classroom, allow them to share their experiences and tell if they saw any composters in
action. Allow student volunteers to share their illustrations and descriptions from their
worksheets then collect the papers as part of the assessment.
Attachments for Step 4
Title: Outdoor Exploration Guide FileName: Outdoor Exploration Guide.doc
Description: Print this sheet and distribute to the students. Graphics from Microsoft
Step: 5 Duration: 20 minutes for initial project/ 10 minutes the next day for viewing the
Show the students the collections of leaves that you gathered during the exploration.
Explain that they are going to see if they can find some of the compost creatures inside
the leaves by conducting an experiment. Display the six sets of pre-cut 2-liter bottles,
beakers or glass jars, small pieces of screen, rubbing alcohol, and the lamps (without a
lampshade) as well as the leaf collections that were gathered by the teacher in the
previous step. Use the materials and assemble the units as shown in the illustration from
the Web site and place one leaf sample in each of the funnels. When fully assembled,
write a number (1-6) on each funnel so that students can distinguish the funnels from one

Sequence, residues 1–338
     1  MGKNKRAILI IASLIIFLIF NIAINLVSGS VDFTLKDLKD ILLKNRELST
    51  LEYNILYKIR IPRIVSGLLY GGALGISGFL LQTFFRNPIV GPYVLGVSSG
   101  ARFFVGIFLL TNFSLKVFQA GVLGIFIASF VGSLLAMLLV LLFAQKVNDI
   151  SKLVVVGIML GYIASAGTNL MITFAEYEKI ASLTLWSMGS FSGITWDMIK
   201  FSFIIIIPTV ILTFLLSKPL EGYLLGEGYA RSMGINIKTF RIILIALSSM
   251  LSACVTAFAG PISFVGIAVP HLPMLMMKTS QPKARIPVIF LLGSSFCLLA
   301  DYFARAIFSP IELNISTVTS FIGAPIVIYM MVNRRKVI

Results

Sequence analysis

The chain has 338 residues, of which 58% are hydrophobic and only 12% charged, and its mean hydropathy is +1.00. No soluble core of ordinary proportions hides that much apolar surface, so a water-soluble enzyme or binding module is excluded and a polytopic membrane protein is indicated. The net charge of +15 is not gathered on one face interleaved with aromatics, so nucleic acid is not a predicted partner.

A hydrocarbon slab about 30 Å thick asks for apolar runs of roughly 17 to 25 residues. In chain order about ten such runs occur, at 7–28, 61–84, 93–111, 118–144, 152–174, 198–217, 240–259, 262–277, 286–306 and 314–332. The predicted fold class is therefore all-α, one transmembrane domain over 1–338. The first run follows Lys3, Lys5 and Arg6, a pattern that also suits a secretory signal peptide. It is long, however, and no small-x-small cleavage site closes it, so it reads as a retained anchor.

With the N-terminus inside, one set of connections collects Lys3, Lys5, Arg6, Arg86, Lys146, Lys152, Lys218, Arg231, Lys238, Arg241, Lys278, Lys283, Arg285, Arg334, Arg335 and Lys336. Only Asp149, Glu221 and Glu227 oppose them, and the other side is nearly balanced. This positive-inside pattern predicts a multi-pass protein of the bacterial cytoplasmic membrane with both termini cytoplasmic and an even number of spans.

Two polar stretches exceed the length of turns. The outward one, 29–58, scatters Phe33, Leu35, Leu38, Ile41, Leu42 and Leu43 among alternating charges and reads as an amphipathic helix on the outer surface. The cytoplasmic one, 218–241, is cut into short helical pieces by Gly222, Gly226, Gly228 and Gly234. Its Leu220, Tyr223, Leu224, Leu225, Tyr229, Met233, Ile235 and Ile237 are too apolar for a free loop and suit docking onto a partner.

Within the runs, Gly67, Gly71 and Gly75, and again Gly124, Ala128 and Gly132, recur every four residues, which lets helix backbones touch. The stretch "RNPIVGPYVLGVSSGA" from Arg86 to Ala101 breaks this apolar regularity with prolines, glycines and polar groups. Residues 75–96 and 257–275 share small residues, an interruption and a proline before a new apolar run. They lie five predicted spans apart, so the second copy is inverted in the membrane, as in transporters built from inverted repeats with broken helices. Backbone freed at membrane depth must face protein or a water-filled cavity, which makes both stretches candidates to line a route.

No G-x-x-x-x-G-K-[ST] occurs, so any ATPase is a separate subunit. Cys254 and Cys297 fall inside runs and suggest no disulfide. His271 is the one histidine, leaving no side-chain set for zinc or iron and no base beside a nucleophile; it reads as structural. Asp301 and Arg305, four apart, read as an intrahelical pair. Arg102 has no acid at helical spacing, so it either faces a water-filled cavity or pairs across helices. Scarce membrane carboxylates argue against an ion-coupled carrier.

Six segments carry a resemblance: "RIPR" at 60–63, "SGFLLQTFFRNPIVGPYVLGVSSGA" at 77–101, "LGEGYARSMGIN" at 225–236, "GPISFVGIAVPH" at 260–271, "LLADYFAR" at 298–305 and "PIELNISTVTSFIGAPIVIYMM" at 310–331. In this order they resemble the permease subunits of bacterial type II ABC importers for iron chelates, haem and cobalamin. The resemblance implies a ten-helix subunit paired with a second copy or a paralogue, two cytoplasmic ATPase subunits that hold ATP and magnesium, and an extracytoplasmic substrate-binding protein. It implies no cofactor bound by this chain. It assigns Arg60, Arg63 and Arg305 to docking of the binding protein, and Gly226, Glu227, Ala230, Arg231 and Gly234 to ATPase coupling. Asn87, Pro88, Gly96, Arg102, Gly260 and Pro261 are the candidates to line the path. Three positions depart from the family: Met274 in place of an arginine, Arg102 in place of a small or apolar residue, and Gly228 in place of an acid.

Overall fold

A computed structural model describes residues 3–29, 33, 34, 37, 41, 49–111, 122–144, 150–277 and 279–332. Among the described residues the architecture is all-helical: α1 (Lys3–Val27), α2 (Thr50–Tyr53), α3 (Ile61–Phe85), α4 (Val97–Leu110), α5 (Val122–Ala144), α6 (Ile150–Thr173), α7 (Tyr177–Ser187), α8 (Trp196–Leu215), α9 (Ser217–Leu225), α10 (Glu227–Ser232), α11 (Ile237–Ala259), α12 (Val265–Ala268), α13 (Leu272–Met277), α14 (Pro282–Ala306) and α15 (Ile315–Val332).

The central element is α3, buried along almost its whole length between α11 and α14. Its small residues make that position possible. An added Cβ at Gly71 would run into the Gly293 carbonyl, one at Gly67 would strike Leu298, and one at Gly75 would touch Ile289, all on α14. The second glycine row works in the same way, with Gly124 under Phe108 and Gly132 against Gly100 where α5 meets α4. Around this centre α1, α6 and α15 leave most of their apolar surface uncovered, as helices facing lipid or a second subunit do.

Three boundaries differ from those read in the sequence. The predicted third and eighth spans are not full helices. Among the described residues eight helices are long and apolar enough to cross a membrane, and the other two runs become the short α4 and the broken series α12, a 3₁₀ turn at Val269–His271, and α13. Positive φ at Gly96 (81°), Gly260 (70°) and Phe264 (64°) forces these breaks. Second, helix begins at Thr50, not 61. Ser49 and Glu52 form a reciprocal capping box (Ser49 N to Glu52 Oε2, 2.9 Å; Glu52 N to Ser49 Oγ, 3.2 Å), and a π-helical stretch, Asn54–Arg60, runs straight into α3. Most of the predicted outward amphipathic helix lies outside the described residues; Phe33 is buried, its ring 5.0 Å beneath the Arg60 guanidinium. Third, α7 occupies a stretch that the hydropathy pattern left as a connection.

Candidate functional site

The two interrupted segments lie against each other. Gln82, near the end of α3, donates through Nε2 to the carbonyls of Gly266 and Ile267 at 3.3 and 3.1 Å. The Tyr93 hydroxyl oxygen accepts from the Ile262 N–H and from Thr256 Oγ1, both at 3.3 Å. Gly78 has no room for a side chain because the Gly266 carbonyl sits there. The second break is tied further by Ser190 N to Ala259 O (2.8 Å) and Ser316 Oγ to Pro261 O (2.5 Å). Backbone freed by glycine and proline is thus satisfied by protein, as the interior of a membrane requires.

another. When ready to begin the experiment, assign the students a funnel to observe
(four to five students per funnel); give them a copy of the experiment log; and have them
record the funnel number on their worksheet in the space provided. Tell the students that
they will have an opportunity to view all of the funnels, but they will only record the
information on the experiment log for the funnel that they are assigned. After students are
at their assigned stations, tell them that they will shine the light over their unit for a
period of two days and will view the jar/ beaker for a variety of creatures that were driven
out of the leaf collections. Have the students check the jars twice during the two-day
period and record what they find in the morning and in the afternoon on the experiment
log. A magnifying glass may be needed to view some of the organisms. Since
dismantling the funnel may be necessary in order to view the critters in the alcohol,
teacher assistance might be necessary. After the experiment is completed, discuss the role
the creatures have in the decomposition of the matter and let the students share their
thoughts on the experiment/ process.
Web Resources for Step 5
Title: Homemade Berlese Funnel
Annotation: Click on this link and read how to set up the experiment and view a picture
of the completed funnel.
Attachments for Step 5
Title: Compost Creatures Experiment Log FileName: Compost Creatures Experiment
Description: Print one sheet for each student. Have the students write the station number
in the blank so that the logs can be kept accurately. Graphics from Microsoft Office
Step: 6 Duration: 10 minutes
After the experiments are completed, disassemble the funnels and keep the 2-liter bottles
for next year’s class or for future experiments. Collect the leaf litter from the bottles and
return it back to the areas in which it was collected. Finally, allow the students to share
their thoughts about the experiment or anything else that they learned from the lesson.
Materials and Equipment
1. 6 pre-cut 2-liter bottles
2. 6 beakers or glass jars
3. 6 small pieces of screen
4. 1 container of rubbing alcohol